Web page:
People Remain the Number One Threat to Security

Sunday, November 21, 2010



People remain the number one cause of security lapses, whether it be by human error, disregarding policy, or outright malicious intent. 

All the security, training, planning and education in the world can not seem to defend against the human element, and this fact presents the single largest obstacle to security for individuals, enterprise, and government.

Here are just a few examples from this week alone:

California Fines 7 More Entities for Unauthorized Access to Patient Info by Employees

"The California Department of Public Health (CDPH) announced that six California hospitals and one nursing home have been assessed administrative penalties and fines totaling $792,500 after a determination that the facilities failed to prevent unauthorized access to confidential patient medical information. Medical privacy is a fundamental right and a critical component of quality medical care in California, said Dr. Mark Horton, director of CDPH. We are very concerned with violations of patient confidentiality and their potential harm to the residents of California...."

Cop Accused of Misusing Database

"A Strathclyde Police officer accused of lying to help protect his lover carried out a check on his partner using an official database, a court has heard. Det Supt Shona Bassano told Glasgow Sheriff Court that Pc Steven Smith searched for his boyfriend David Brydon on the Scottish Intelligence Database. Pc Smith is alleged to have lied to another officer who was trying to trace Mr Brydon in connection with a robbery...."

Hacker Indicted for Breaching Federal Reserve Bank

"A hacker has been charged with accessing systems at the Federal Reserve Bank in Cleveland and stealing at least 400,000 credit and debit card numbers. This breach is particularly troubling, as transactions from every bank in the country are processed through branches of the Federal Reserve.."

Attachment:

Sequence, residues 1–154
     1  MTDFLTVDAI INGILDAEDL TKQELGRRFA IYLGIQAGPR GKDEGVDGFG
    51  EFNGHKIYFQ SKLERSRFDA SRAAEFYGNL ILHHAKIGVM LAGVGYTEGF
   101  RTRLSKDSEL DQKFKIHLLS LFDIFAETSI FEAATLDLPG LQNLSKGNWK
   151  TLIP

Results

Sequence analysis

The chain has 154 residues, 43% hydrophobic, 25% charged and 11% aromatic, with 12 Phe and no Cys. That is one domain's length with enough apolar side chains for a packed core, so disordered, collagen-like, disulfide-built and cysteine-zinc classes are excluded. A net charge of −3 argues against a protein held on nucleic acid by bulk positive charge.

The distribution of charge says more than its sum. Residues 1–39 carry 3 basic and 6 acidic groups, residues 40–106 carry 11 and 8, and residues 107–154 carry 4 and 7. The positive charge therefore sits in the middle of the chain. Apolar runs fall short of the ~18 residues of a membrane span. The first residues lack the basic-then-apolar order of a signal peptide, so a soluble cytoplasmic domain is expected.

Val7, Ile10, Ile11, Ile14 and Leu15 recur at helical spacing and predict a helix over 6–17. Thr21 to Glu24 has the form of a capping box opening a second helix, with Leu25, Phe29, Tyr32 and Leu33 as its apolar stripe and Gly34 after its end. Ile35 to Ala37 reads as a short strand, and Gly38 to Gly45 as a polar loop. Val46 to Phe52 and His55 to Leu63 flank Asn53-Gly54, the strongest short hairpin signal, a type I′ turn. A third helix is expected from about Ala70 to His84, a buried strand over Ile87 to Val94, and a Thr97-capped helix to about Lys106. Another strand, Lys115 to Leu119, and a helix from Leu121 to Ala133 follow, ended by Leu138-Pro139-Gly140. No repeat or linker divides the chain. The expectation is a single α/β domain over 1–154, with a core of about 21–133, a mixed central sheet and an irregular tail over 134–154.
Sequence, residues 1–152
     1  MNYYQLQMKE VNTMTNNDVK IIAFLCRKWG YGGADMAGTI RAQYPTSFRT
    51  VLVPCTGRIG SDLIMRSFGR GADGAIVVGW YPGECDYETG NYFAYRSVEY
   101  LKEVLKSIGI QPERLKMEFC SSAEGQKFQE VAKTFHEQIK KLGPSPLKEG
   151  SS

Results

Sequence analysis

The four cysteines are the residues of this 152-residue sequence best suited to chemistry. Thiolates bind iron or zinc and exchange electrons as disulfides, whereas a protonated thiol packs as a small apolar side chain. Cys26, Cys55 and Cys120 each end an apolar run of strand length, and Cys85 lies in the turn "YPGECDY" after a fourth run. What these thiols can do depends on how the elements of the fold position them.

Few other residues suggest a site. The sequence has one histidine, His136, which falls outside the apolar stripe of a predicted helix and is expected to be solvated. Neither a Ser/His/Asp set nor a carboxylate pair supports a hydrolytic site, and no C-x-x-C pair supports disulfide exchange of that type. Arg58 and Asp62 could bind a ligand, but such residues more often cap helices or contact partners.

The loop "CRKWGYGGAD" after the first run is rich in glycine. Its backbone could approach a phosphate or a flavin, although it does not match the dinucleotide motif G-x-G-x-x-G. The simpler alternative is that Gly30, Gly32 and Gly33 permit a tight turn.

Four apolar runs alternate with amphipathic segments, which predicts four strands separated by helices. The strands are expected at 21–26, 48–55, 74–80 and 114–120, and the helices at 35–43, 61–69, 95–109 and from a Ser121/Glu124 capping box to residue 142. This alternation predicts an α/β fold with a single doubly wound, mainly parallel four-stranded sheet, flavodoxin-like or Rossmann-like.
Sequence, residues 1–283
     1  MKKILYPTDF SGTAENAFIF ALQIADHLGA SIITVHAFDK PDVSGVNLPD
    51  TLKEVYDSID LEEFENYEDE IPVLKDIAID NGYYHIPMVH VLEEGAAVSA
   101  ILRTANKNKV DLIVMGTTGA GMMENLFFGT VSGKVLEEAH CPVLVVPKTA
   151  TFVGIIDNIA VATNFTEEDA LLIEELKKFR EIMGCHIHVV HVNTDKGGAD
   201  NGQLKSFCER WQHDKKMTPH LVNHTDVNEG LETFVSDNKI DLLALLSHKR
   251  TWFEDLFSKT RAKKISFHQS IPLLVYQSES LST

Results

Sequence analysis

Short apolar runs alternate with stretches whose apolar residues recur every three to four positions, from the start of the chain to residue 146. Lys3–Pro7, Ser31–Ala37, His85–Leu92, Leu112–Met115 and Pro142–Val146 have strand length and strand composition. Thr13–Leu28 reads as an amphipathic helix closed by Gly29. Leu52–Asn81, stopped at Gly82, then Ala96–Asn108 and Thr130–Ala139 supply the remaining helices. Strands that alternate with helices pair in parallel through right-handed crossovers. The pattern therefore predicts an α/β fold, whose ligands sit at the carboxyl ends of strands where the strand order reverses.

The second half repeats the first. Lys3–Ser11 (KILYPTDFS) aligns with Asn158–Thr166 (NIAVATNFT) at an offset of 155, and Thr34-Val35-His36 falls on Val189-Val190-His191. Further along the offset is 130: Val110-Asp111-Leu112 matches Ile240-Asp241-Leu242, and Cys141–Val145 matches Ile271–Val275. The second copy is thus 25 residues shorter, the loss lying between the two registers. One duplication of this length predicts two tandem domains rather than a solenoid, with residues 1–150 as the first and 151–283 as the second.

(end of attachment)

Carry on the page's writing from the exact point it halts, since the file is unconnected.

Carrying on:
3 Plead guilty to Building CAPTCHA Braking Network

"Three California men have pleaded guilty charges they built a network of CAPTCHA-solving computers that flooded online ticket vendors and snatched up the very best seats for Bruce Springsteen concerts, Broadway productions and even TV tapings of Dancing with the Stars. The men ran a company called Wiseguy Tickets, and for years they had an inside track on some of the best seats in the house at many events. They scored about 1...."

Denial of Service Attacks Remain Popular Tactic

"Denial of Service (DoS) has often been used to as a tool send a message to the subjects of the attacks, and recent events indicate the use of the tactic to strategically promote the agendas of one group over those of another is on the upswing..."

Chinese Pursue State Sponsored Cyber Espionage

"Reports have asserted that the Chinese government is actively using Chinese telecom companies to conduct cyber espionage against the United States, and questions have been raised about partnerships with Chinese telecom companies and corporations tied to Governor-elect Rick Snyder of Michigan..."

U.S. Man Online Talking People Into Killing Themselves

"A Minnesota man who scoured online suicide chat rooms and attempted to talk members into killing themselves has pleaded not guilty to felony charges stemming from two deaths, including that of a Canadian first-year university student. William Melchert-Dinkel, a 48-year-old married father of two, entered the plea Friday afternoon in a Faribault, Minn., courtroom. His jury trial is expected to begin in late February or early March...."

Attacks Against Critical Infrastructure On the Rise

"More than three-quarters of respondents indicated the frequency of attacks was increasing. Companies reported an average of ten attacks over the past five years, and nearly half of those surveyed expect to be subject to another attack in the next twelve months..."

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